Max’s post: How we measure time – linearly…

Hmmmm…to all my fellow astronomy geek-lovers out there, this is dedicated to you my friends. It’ about time we talked about… well time really, or better the way it is measured in Earth – linearly, with clocks and things like that. Not time travels. This is for later!
The division of the day into 24 hours originates from the Babylonians, as they believed that 24 was a “nice” number that could be divided exactly by seven other numbers: 1, 2, 3, 4, 6, the 8 and 12. For the Babylonians, (note to self, arrange a trip with the rest of the gang there- or I can go by myself. I’m old enough) the number 24 was considered ‘magic’ coinciding with the total number of the seven planets stars of the sky: the Sun, the Moon, and the visible to the naked eye planets Mercury, Venus, Mars, Jupiter and Saturn. The subdivision of the day into hours, as well as the subdivision of the week into days, is a human construction that originated from the Chaldean system – Chaldaia is a small Semitic nation which emerged between the late 10th and early 9th century BC, surviving until the mid 6th century BC.
The duration of the day is not at all arbitrary, if you want to know, and is based on the daily motion that the sun makes from the east to the west, and is the result of the rotation of the Earth around its axis. Nevertheless, today the accurate measurement of time is based on the reciprocating motion of the atoms, in order to make the most accurate watches that will only stray by just one second in 10,000 years. We are talking crazy numbers!!!
A complete rotation of the Earth can be measured by simple placing a stick on the ground. Or so did the ancient people! Yes!!! That was really the way in which men have counted time for centuries. It is the method of the solar watch which can present some problems though. Well that figures as the sundial doesn’t just count a single motion of the Earth, but two, or rather the difference between the rotation of the Earth around its axis and orbit around the sun. While the first motion (rotation to its axis) remains essentially steady, the second (rotation around the sun) is not. Therefore the difference is not steady throughout the year, something that is related to the speed at which the Earth rotates around the sun. That is because the speed in which a planet orbits around the suns is strictly determined by the distance between the sun and the planet in question. The closer a planet is to the Sun, the faster its motions and vice versa.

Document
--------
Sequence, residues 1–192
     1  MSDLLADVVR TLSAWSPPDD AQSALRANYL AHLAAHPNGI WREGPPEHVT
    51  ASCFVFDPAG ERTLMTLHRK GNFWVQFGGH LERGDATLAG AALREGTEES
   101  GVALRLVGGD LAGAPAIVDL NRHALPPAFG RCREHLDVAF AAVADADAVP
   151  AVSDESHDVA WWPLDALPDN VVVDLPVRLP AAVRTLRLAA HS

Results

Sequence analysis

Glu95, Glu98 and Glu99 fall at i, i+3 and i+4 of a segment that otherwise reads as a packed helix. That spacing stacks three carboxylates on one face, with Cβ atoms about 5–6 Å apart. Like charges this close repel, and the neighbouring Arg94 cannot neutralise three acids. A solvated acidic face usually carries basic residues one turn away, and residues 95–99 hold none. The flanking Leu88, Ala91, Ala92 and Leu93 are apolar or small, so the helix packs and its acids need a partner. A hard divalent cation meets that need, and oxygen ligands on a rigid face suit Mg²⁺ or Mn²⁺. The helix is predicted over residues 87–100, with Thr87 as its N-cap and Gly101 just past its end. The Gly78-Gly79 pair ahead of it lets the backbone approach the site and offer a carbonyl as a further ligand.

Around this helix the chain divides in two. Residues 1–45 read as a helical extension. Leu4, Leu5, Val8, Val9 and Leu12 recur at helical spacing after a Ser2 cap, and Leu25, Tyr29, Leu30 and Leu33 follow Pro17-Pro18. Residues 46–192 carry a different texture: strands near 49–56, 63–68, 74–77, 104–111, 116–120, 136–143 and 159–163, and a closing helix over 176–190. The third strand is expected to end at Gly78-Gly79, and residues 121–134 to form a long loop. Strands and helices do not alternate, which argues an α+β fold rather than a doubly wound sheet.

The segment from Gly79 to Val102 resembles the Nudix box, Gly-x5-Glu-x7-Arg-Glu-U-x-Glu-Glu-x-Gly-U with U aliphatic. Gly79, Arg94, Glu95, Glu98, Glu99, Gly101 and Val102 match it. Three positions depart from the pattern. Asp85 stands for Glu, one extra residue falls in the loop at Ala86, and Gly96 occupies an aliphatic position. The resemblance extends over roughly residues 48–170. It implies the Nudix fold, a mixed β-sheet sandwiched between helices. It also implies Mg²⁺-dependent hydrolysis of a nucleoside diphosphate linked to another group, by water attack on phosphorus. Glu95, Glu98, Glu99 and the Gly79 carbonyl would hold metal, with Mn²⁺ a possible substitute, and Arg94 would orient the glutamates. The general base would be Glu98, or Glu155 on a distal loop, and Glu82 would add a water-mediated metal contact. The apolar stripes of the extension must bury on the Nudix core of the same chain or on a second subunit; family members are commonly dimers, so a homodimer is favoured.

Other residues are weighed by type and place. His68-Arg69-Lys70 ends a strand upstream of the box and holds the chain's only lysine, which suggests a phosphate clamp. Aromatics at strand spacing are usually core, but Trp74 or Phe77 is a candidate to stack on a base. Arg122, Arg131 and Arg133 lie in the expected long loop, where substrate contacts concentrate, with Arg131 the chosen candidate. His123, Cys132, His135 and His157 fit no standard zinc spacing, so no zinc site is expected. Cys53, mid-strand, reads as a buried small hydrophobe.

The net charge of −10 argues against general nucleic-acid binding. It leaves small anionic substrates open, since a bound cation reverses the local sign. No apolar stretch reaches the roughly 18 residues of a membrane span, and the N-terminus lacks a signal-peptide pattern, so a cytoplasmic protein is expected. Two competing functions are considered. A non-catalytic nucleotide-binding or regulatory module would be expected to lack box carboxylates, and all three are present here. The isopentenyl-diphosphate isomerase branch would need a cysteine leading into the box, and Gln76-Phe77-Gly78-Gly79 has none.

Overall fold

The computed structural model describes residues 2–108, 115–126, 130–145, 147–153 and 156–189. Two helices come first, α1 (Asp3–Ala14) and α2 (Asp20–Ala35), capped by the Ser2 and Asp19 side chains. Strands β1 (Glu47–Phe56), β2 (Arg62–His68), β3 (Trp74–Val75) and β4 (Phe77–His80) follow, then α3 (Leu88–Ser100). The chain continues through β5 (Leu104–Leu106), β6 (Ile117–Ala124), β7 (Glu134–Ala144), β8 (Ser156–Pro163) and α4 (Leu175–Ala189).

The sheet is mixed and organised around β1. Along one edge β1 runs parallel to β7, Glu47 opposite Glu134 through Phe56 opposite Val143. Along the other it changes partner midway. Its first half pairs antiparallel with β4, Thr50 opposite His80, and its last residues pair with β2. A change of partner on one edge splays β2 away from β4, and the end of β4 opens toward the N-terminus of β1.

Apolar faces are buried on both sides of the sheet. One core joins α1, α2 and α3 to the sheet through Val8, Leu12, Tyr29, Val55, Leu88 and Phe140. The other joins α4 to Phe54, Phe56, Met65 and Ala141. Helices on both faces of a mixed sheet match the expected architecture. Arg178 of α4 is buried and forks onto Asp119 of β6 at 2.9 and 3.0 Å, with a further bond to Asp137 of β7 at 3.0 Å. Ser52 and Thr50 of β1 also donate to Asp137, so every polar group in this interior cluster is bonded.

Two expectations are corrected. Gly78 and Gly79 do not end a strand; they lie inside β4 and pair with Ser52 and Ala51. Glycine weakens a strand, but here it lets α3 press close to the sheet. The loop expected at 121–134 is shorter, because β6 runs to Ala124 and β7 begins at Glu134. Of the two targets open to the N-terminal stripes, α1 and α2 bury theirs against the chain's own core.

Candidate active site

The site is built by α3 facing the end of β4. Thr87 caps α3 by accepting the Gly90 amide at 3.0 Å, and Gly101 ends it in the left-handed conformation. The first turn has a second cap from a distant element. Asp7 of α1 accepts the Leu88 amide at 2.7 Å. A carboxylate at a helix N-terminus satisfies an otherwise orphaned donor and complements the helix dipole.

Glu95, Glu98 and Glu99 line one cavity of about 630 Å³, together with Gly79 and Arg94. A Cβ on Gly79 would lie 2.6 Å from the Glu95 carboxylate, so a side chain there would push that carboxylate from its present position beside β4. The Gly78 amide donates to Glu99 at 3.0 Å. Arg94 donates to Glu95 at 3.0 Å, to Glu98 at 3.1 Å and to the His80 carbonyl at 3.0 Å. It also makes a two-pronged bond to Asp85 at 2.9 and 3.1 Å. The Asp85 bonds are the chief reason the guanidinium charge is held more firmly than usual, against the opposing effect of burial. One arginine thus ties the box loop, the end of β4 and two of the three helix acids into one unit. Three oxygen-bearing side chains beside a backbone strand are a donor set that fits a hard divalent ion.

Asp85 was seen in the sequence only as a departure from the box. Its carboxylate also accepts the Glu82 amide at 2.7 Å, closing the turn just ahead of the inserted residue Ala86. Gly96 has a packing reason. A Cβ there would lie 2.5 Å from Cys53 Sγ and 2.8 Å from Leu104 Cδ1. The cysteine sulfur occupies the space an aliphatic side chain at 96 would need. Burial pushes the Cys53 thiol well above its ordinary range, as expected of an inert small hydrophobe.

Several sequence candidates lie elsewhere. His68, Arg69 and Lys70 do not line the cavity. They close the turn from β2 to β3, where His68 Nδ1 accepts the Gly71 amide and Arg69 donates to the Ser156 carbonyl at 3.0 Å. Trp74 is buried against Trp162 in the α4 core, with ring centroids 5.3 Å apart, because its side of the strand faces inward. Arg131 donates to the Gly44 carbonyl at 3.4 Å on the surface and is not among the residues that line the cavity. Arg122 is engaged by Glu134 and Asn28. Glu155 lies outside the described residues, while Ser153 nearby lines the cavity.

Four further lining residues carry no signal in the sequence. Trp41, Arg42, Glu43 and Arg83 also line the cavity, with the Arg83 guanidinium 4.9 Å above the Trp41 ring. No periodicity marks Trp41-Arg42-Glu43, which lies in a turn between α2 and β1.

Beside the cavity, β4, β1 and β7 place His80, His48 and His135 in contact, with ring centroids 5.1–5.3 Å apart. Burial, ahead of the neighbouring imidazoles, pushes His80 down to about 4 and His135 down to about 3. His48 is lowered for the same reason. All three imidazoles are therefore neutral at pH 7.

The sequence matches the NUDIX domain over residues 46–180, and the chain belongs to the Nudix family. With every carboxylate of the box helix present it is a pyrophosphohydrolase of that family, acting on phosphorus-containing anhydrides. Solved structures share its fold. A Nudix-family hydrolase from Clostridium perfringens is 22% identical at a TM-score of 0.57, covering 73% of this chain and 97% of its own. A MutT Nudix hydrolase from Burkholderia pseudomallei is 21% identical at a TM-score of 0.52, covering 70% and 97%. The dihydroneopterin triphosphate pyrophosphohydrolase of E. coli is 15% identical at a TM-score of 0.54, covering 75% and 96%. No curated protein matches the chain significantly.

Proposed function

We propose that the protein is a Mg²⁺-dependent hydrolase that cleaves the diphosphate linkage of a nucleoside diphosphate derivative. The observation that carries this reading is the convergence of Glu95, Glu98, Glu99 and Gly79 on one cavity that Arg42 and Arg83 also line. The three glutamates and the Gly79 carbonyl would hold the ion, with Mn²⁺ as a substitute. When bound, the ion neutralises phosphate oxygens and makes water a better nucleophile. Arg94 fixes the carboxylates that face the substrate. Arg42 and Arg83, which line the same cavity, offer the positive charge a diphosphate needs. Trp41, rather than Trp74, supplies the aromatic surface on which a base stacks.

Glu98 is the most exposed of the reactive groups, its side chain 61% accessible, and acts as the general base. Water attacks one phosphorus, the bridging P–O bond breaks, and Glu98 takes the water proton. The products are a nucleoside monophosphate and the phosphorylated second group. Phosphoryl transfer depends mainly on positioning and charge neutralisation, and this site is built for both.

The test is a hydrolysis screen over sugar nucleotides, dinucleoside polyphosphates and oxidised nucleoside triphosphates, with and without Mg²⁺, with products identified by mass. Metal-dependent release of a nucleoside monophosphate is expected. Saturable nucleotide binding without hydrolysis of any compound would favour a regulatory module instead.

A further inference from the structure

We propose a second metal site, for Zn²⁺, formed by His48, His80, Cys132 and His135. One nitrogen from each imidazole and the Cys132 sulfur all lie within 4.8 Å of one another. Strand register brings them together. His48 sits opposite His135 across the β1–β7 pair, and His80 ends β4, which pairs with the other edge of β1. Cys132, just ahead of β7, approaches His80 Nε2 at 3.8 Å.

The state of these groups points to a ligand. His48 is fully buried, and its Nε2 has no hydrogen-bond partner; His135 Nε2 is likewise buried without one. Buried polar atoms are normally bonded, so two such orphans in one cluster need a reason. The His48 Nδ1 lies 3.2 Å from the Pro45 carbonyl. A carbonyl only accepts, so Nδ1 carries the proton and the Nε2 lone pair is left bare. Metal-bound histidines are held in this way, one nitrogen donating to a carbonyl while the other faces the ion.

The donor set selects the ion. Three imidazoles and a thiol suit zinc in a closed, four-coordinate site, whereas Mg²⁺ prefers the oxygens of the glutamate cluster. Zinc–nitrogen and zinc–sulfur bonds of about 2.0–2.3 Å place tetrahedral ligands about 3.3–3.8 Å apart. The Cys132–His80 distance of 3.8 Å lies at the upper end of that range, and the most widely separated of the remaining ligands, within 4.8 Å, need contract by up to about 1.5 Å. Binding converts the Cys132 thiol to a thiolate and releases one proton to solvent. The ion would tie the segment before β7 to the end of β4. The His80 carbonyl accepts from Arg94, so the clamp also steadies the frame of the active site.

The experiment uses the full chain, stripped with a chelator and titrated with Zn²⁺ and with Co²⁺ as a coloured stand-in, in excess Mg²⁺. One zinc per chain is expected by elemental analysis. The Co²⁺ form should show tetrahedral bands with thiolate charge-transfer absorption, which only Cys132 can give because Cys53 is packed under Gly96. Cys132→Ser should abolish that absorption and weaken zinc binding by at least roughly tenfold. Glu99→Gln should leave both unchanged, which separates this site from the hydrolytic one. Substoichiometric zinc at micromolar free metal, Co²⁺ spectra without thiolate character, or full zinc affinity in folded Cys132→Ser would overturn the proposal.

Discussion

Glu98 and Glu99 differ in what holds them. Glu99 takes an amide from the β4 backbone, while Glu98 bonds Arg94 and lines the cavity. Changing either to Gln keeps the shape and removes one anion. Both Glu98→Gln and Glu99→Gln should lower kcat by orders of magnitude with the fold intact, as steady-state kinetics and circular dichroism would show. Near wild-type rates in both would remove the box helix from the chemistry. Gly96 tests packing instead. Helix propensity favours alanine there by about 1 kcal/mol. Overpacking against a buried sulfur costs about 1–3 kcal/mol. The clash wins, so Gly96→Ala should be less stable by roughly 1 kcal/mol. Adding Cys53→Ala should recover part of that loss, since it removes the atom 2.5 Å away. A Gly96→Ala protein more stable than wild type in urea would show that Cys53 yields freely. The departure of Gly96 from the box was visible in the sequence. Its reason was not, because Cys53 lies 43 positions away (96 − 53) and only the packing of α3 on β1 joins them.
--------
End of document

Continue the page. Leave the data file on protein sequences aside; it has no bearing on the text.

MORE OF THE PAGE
The same happens with the Earth, whose orbit around the Sun is not a perfect circle, but an ellipse. Hence the distance of the Earth from the Sun during the year is not constant but varies between 147 – 152.000.000 km. The Earth reaches its closest distance to the Sun, called ‘perihelion’, in early January and its most remote distance, called ‘aphelion’ in early July. As the Earth approaches the Sun, its orbital velocity increases; so in its perihelion phase the orbital velocity of the Earth (around the Sun) can reach up to approximately 31 kilometres per second (112,000 km. per hour). But as the Earth moves away from the sun during the spring and summer time, its speed decreases; the Earth now reaches its ‘aphelion’ phase with a speed of 28 kilometres per second (101,000 km. per hour). This whole process affects the amount of time that is required between the two successive passages of the Sun over the meridian, i.e. two consecutive afternoons.
The solution to this, incredible as it may sound, is the “invention” of an imaginary (I know right??) Sun that is seemingly unaffected by the orbital speed of the Earth. This imaginary Sun is called ‘mean Sun’ (mean solar time) and the duration of the day as we know it today is solely based upon this instrument Sun, the so-called ‘mean solar day’. The real, or true Sun, will likely be late to its “daily appointments” with the Meridian for approximately up to 16 minutes within the course of a year. This “discrepancy” falls on the same date every year, and is known as the ‘equation of time’.
During the course of one year, the true Sun coincides with the mean Sun means on four occasions: on December 26th, on April 16th, June 14th and September 2nd.
Sounds too much to comprehend maybe? Not to worry! In order to avoid all kinds of tangles or mix ups, we’ve got the internationally established time zones. Each of those zones is normally 15 degrees wide (not always though) depending on each country’s geographical boundaries. Therefore, the time within an entire zone is considered to be equivalent to the ‘local mean solar time’, at the centre of the zone in question. A mechanical watch thus does not measure the average solar time, but rather the time we accept as common and we’ve established based upon the continuous alternation of night and day.
And that is all for today my friends. An introduction to Time.
I have to go now, I think we made plans to visit Italy around 2000s today. Rosie’s been talking about a gourmet pizza restaurant that was very good back then and the Italian fashion of the time… pfff girls…

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